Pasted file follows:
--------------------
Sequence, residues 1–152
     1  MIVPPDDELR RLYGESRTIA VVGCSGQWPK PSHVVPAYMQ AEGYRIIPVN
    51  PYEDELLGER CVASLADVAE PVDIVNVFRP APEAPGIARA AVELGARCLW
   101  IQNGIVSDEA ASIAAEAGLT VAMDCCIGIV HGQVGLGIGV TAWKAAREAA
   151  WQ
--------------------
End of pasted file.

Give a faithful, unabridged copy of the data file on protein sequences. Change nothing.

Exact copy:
Sequence, residues 1–152
     1  MIVPPDDELR RLYGESRTIA VVGCSGQWPK PSHVVPAYMQ AEGYRIIPVN
    51  PYEDELLGER CVASLADVAE PVDIVNVFRP APEAPGIARA AVELGARCLW
   101  IQNGIVSDEA ASIAAEAGLT VAMDCCIGIV HGQVGLGIGV TAWKAAREAA
   151  WQ